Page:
- All those who enter the building will be provided with an ear loop mask to be worn for the duration of their appointment or visit.
- Members of the public who do not have formal business at the hospital but who wish to use the hospital’s food and retail vendors will not be allowed inside the building.
- All patients and visitors are reminded to please limit the amount of personal belongings being brought into the hospital. Please only bring what is necessary for your visit.
- Visitors are asked to refrain from bringing outside food into the hospital. Food will be permitted if it is part of a patient’s care plan or specific cultural practice requires outside food and drink. In these cases, food brought in sealable, wipeable containers. Use of hospital fridges and/or microwaves will not be permitted.
FAQ FOR PATIENTS
- WILL MY SURGERY BE CANCELLED?
- Surgeries that are needed to save a life will go ahead, but other surgeries will be cancelled. If you have any questions about an upcoming surgery, please call your surgeon’s office to speak with a member of the care team. LIST OF CANCELLED SERVICES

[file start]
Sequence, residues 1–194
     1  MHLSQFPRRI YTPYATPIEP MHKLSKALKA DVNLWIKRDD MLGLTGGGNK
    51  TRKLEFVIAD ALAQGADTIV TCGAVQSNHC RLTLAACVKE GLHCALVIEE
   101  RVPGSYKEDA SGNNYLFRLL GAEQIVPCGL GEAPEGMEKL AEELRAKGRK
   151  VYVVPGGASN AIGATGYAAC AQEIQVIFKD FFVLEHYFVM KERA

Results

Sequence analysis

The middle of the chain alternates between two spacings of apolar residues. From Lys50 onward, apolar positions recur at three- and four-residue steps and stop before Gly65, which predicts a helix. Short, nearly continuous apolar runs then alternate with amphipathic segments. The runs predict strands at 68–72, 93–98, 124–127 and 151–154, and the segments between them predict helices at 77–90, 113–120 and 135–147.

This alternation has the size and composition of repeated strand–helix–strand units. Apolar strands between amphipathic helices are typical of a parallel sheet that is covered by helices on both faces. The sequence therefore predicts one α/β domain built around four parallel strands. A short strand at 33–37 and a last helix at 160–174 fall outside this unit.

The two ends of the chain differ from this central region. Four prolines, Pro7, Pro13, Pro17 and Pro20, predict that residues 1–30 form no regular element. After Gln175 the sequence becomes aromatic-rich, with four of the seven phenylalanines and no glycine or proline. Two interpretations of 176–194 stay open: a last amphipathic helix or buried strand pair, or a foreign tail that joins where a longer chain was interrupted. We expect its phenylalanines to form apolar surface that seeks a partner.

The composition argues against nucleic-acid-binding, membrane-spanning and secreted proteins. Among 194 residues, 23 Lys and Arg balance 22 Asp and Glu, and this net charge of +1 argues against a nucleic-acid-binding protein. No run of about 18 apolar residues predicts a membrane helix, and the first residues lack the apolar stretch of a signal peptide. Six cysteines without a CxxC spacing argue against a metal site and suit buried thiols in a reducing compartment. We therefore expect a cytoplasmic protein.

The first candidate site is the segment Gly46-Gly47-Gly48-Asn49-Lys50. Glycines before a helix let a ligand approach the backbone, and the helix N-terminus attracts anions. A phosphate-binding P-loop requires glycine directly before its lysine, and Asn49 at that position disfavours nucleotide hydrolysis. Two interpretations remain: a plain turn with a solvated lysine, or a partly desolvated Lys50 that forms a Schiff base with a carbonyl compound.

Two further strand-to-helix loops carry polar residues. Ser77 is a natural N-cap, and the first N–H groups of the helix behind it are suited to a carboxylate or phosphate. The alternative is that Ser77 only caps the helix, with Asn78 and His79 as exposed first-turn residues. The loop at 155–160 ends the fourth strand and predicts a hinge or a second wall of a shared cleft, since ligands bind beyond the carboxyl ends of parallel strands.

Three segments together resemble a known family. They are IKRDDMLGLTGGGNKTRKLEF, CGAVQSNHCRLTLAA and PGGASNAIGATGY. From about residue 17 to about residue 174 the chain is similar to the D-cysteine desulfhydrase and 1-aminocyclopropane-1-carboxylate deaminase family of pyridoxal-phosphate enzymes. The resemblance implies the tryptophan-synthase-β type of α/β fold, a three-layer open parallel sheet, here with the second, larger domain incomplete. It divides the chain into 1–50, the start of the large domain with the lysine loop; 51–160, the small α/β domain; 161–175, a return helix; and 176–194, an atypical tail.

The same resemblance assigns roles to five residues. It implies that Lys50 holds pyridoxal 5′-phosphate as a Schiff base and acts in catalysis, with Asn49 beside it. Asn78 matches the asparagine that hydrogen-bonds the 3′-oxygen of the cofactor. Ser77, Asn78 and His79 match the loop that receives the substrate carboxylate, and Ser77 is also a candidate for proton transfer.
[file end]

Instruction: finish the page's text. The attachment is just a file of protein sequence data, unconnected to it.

- WILL MY APPOINTMENT BE CANCELLED?
- When people come together, the risk of infection with COVID-19 increases. To lower the chances of spread for our patients and staff, we will be cancelling some clinic visits for patients who are currently well, and are coming to the hospital for routine check-ups or other non-urgent reasons. These appointments will be re-booked for a later date. Whenever it is possible, and also safe to do so, assessments will be done by phone or video conference. LIST OF CANCELLED SERVICES
- What Should I expect BEFORE AN APPOINTMENT:
- You may be contacted ahead of your appointment to answer screening questions over the phone.
- Before visiting the hospital for an appointment, please contact the clinic ahead of time if you:
- have recently travelled outside of Canada or have been in close contact with someone who has travelled outside of Canada
- are experiencing a fever or a combination of respiratory symptoms (cough, congestion, runny-nose)